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In cases of international or cross-cultural research we need to take extra care at every stage of the process, and this chapter looks at various aspects of this. Research involving unfamiliar environmental and cultural differences may complicate the understanding of the research problem, and researchers often fail to anticipate the impact of local cultures on the question asked. Consideration also needs to be given to the scope and limits of the problem. In some cultures, a broader scope is necessary to cover the necessary variables. Comparability of data is the main issue in international/cross-cultural research, and it is not possible to use data gathered in one market for another market. This is due not just to the availability and reliability of data but also to the manner in which data are collected and analysed.
This chapter deals with some conceptual (theoretical) foundations of research. Practical business research is often thought of as collecting data from various statistical publications, constructing questionnaires, and analysing data by using computers. Research, however, also comprises a variety of important, non-empirical tasks, such as finding/‘constructing’ a precise problem, and developing perspectives or models to represent the problem under scrutiny. In fact, such aspects of research are often the most crucial and skill demanding. The quality of the work done at the conceptual (theoretical) level largely determines the quality of the final empirical research. This is also the case in practical business research. Important topics focused on in this chapter are the research process and the role of concepts and theory.
The research design is the overall plan for relating the conceptual research problem to relevant and practicable empirical research. In other words, the research design provides a plan or a framework for data collection and its analysis. It reveals the type of research (e.g. exploratory, descriptive, or causal) and the priorities of the researcher. The research methods, on the other hand, refer to the techniques used to collect and analyse data. This chapter looks at a variety of research designs and methods, as well as at the concept of validity.
In this chapter, we first provide a detailed discussion of the advantages and disadvantages of collecting and using secondary data, and highlight some important secondary data sources. The next section then considers the advantages and disadvantages of collecting and using primary data. The following three sections are devoted to sampling. With secondary data, the researcher is obliged to accept the data that are publicly available, and is not able to influence how the data are collected or how much data are collected. In contrast, the researcher collecting primary data needs to decide whether to survey the entire population or just a sample, to choose an appropriate sampling procedure, and to determine the sample size that will assure a satisfactory level of precision in the subsequent empirical analysis. The final two sections are then devoted to undertaking the two most common methods of primary data collection, namely questionnaire surveys and experiments.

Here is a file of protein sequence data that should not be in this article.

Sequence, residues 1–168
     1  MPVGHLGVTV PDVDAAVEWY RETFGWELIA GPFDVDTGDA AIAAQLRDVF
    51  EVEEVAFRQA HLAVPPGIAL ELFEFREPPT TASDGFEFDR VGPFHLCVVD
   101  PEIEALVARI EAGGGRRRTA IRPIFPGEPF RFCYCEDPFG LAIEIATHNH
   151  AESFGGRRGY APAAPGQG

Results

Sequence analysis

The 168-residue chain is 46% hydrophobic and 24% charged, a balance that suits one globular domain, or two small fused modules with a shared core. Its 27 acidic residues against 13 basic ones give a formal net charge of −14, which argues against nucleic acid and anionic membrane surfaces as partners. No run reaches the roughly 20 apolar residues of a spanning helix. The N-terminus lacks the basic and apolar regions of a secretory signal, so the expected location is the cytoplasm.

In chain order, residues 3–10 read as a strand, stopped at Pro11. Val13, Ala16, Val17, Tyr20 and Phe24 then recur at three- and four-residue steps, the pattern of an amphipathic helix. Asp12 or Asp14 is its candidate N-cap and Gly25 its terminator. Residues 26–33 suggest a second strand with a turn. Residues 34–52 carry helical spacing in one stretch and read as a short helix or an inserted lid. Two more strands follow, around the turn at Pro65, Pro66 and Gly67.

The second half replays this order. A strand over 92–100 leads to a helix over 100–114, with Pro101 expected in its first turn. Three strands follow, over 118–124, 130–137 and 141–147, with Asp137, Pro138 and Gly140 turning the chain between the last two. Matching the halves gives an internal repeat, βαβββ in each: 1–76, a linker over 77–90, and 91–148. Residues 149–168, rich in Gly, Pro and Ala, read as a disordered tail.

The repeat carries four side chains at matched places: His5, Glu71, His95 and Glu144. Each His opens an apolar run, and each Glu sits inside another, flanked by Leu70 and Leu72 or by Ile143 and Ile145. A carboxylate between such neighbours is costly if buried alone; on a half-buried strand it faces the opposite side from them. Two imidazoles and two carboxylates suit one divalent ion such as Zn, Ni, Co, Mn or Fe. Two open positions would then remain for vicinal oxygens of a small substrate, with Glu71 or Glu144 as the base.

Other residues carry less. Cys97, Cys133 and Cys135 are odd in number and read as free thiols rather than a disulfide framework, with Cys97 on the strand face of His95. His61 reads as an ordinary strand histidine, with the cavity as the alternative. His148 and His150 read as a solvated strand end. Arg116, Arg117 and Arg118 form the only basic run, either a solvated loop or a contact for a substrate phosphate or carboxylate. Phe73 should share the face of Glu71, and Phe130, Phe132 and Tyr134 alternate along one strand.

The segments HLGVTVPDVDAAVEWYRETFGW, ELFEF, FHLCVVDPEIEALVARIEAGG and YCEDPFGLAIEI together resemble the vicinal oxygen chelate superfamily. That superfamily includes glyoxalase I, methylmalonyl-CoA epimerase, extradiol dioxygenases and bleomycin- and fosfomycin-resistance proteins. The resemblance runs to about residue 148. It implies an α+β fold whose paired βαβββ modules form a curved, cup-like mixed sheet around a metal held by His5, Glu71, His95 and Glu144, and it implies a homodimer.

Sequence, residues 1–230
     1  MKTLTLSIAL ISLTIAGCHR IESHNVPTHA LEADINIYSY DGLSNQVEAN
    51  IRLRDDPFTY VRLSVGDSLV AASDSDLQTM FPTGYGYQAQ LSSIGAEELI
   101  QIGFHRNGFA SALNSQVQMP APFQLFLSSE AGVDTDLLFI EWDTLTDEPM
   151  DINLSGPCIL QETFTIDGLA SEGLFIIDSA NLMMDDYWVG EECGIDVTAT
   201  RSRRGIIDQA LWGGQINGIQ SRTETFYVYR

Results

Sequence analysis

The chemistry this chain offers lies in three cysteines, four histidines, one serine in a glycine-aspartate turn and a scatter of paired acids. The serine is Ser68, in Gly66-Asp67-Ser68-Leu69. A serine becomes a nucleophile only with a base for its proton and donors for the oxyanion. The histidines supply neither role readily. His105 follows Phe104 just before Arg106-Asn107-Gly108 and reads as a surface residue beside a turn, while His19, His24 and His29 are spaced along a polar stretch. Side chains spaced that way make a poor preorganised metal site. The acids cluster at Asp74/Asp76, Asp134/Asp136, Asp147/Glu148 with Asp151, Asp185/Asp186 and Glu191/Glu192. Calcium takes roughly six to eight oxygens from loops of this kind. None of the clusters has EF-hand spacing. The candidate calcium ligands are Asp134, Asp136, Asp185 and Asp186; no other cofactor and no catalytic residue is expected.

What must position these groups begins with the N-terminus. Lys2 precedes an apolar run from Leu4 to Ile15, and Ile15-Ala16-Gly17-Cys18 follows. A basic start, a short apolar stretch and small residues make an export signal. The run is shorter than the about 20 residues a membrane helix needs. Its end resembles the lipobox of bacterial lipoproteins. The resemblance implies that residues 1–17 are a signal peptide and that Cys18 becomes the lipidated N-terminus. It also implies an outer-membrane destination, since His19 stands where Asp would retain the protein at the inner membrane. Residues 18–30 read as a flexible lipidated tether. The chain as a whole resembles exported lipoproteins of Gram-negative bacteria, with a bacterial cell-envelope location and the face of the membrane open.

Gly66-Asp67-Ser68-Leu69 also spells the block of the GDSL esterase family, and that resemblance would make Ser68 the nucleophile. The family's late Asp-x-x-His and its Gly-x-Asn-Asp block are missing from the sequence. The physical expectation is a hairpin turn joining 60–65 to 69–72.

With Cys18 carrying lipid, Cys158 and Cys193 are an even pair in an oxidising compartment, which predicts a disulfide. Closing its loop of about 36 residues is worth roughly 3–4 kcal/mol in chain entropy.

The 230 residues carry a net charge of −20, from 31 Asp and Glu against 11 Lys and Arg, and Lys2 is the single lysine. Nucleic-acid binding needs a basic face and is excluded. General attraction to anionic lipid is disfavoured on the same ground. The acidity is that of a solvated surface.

After completing the data collection and analysis, the research problem, the data collected, and the findings need to be presented in a logical, consistent, and persuasive report. This chapters outlines a typical format for such a research report, and describes the contents of each section. It also discusses oral presentations and writing for publication.
Empirical research requires the collection and analysis of data and other information. The quality of the research (and the conclusions derived therefrom) depend upon the collection of appropriate data, the quality of the data collected, and on how well the data are analysed. Quantitative research requires the measurement and enumeration of the variables to be used in the analysis. In this chapter, we first explain the process of operationalization, by which researchers decide how to measure the theoretical concepts they use. The second section considers different scales of measurement, and highlights some of the implications for empirical analysis. The third section focuses on the measurement of multi-dimensional variables, and the generation of latent constructs. The fourth section addresses how to assess the reliability and validity of variables and multi-dimensional constructs. The fifth section offers some practical suggestions for improving the measurement of the variables used in quantitative research, whilst the final section is concerned with measurements in qualitative research.
Qualitative research imposes specific analytical challenges. This chapter addresses important characteristics of qualitative research and qualitative data. Strategies and procedures to handle the analytical challenges are also dealt with, as well as validity and reliability issues in qualitative research.
In business studies most researchers need to collect some primary data to answer their research question. This entails deciding what kind of data collection method to use, which depends upon an overall judgement on which type of data is needed for a particular research problem. One important aspect is to identify the scope of the study and unit of analysis and what type of analysis is needed. After looking briefly at the chief differences between quantitative and qualitative approaches, the chapter looks at different qualitative methods and when to use them.